Hundreds of Uber and Lyft drivers who failed state background checks have now successfully appealed their denials, Gov. Charlie Baker said Thursday.
Earlier this month, the Baker administration released the results of the first round of state background checks required for ride-for-hire drivers under a law passed last summer. Of 70,789 drivers who applied through one or more companies, the state denied 8,206 applications.
Rejected drivers are allowed to appeal the decision in certain instances, and Baker said in an interview on WGBH Radio that 400 to 500 people who filed appeals had won them. The new Transportation Network Company Division within the Department of Public Utilities is processing the appeals in seven to 10 days, Baker said.
As of Thursday, 455 of 1,472 appeals had been approved, according to a spokesman for the Executive Office of Energy and Environmental Affairs, which oversees the DPU.
The denials included 1,640 applications rejected for suspended licenses, 958 listed as “violent crimes,” 352 for sex abuse and exploitation, 152 for operating under the influence, 78 habitual traffic offenders and 51 traffic offenders, according to the DPU.
Baker disputed co-host Margery Eagan’s characterization that there were drivers who were denied over “a speeding ticket from 20 years ago.”
“No one lost their job over a parking ticket,” Baker said. “Nobody lost their job over a lot of the things that we’ve been accused of having lost their jobs over, but the simple truth is there were hundreds of people who were driving for Uber and Lyft who didn’t have driver’s licenses that were in force, OK. There were many more than 100 who had serious felony convictions. There were many who had other major crimes that I don’t think anybody would want their son or daughter getting in the car to have somebody drive.”
Rejected drivers appealing the state’s decision must contact the TNC division with their identification and reason for appeal, and are then assigned a hearing date. The division says it will deny appeals if they are “based on a dispute regarding the accuracy of the information contained in your Criminal Offender Record Information” because those claims are outside its jurisdiction. Appeals can also be denied without a hearing for “automatic disqualifying conditions,” including sex-offender registration and felony convictions.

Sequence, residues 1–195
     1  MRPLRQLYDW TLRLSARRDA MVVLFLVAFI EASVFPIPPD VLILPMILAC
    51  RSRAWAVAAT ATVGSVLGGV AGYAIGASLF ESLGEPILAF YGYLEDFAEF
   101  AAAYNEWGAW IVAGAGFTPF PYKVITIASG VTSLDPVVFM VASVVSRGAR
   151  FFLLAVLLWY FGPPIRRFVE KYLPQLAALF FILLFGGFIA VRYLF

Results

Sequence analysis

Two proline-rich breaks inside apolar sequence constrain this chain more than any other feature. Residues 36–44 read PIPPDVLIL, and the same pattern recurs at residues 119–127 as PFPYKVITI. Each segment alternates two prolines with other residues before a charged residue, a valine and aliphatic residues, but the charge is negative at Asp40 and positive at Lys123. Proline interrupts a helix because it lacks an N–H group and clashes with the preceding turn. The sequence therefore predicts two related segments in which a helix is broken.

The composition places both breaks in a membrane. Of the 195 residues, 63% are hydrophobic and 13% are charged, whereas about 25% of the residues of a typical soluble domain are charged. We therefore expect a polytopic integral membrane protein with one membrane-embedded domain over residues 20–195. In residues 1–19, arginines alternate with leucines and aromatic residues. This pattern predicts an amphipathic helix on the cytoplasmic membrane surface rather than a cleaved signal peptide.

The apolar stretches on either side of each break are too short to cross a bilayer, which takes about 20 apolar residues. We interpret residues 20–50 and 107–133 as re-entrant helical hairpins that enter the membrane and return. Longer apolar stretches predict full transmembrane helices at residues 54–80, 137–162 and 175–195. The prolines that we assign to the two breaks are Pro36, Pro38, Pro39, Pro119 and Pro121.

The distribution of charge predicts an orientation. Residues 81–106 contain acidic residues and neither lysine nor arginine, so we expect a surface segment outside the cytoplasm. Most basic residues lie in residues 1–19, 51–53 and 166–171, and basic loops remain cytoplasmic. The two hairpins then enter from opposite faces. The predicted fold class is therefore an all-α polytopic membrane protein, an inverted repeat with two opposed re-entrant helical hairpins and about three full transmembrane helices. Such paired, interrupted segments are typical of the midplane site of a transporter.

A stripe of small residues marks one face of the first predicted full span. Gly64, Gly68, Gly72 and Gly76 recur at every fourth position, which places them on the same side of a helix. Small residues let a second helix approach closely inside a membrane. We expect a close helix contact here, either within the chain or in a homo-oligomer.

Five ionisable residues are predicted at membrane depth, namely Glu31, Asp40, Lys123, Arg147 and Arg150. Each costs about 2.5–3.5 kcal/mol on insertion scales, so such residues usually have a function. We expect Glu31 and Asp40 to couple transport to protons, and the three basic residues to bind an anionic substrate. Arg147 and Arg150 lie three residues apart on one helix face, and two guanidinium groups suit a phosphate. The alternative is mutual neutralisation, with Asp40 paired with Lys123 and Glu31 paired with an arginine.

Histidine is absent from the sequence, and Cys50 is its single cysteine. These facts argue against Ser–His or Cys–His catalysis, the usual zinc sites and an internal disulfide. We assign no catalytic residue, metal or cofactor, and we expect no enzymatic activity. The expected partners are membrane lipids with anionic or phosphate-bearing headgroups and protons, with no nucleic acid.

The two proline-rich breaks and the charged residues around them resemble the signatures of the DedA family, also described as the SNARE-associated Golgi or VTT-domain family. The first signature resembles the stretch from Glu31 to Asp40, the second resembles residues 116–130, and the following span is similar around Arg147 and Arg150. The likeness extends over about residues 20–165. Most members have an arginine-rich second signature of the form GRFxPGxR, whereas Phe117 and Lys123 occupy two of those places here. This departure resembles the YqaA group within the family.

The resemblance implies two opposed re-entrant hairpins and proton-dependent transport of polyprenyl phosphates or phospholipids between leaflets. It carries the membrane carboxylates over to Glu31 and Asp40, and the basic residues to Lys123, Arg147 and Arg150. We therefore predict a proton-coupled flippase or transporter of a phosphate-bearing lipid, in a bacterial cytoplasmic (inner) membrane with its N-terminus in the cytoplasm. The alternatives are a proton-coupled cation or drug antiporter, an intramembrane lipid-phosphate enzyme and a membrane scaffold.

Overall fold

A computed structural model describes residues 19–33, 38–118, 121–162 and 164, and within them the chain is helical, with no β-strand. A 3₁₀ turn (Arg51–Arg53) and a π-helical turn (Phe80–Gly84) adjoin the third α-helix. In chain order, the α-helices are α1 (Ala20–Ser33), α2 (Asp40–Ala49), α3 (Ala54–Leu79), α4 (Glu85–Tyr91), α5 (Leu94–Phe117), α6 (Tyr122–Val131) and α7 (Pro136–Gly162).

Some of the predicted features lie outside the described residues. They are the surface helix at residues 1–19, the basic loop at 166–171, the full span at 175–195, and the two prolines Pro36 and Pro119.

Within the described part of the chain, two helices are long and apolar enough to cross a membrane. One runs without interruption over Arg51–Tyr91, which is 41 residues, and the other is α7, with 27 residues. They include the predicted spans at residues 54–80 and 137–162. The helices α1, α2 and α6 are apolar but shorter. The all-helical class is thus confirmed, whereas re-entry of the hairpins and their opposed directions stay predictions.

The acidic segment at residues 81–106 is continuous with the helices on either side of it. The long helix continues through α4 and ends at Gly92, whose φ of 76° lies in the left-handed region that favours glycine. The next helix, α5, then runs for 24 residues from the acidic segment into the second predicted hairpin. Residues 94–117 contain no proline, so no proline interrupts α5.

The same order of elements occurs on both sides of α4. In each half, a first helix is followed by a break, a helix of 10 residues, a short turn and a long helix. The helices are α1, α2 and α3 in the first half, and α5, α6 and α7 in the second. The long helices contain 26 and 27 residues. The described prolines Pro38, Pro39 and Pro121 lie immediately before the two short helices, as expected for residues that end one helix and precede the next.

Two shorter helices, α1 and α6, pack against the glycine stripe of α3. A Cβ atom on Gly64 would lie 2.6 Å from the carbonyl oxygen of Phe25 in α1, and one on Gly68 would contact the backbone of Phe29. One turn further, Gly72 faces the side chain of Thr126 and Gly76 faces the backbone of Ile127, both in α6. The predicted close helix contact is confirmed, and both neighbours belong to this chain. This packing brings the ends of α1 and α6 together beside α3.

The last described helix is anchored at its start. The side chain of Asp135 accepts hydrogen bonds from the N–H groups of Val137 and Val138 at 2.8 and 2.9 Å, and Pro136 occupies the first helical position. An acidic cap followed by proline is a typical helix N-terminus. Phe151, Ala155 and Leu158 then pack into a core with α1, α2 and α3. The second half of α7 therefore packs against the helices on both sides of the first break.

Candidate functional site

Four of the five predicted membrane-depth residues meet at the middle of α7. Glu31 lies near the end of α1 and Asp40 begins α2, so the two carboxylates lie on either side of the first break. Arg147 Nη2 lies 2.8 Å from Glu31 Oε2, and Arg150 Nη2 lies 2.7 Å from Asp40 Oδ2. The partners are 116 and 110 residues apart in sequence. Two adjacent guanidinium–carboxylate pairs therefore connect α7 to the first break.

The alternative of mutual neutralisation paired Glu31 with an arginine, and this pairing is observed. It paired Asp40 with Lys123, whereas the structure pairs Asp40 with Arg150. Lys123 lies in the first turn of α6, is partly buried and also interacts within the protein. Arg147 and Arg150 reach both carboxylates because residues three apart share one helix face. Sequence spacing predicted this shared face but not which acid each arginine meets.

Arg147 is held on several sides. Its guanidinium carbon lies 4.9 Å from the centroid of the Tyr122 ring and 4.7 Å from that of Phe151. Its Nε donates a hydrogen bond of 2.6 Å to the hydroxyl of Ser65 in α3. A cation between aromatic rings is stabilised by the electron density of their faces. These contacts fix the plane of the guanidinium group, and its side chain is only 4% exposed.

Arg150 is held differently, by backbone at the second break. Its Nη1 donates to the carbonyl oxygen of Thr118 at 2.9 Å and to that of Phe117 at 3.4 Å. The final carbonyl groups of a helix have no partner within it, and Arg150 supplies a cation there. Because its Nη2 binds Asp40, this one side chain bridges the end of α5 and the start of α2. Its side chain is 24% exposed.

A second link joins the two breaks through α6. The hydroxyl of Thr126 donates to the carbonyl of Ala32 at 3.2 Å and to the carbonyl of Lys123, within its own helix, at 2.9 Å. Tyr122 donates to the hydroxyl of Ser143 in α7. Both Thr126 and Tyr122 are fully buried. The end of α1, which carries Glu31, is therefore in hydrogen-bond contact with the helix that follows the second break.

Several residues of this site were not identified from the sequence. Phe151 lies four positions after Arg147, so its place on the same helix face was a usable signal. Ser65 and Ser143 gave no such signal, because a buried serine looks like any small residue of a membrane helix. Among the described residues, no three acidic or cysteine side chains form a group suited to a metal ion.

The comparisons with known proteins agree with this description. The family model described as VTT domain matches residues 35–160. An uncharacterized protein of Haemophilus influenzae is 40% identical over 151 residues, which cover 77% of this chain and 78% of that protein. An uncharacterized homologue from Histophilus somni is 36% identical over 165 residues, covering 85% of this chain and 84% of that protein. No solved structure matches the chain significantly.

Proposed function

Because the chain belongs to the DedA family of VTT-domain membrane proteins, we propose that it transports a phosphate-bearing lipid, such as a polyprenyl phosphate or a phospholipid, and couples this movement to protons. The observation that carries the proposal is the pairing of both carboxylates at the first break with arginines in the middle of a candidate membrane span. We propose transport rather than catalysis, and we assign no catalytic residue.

Baker in August signed a law regulating app-based ride-for-hire companies, and in November the administration announced agreements with Uber and Lyft allowing the state background checks for those companies’ drivers to begin earlier than the timeline established under the new law.
The state screening is a new feature under the law, and the companies had already been conducting their own background checks.
Baker said the administration will now go through a “traditional” regulation-setting process, with final regulations set to be released this fall after a public comment period and hearing.
“People will have the opportunity to comment on those,” Baker said. “The Lyft people can comment, the Uber people can comment, other people can comment.”
Draft regulations released in late March include the requirement for a company and state background check, and a requirement that the ride-for-hire company’s screening include a nationwide review of criminal records, motor vehicle records and the U.S. Department of Justice’s national sex offender public website. Companies would need to conduct their background check at least every six months and immediately suspend or terminate a driver arrested for disqualifying offenses.
A public hearing on the regulations is scheduled for Tuesday, May 23 at 10 a.m. at the Transportation Building at 10 Park Plaza, and written comments will be accepted until the close of business on May 9.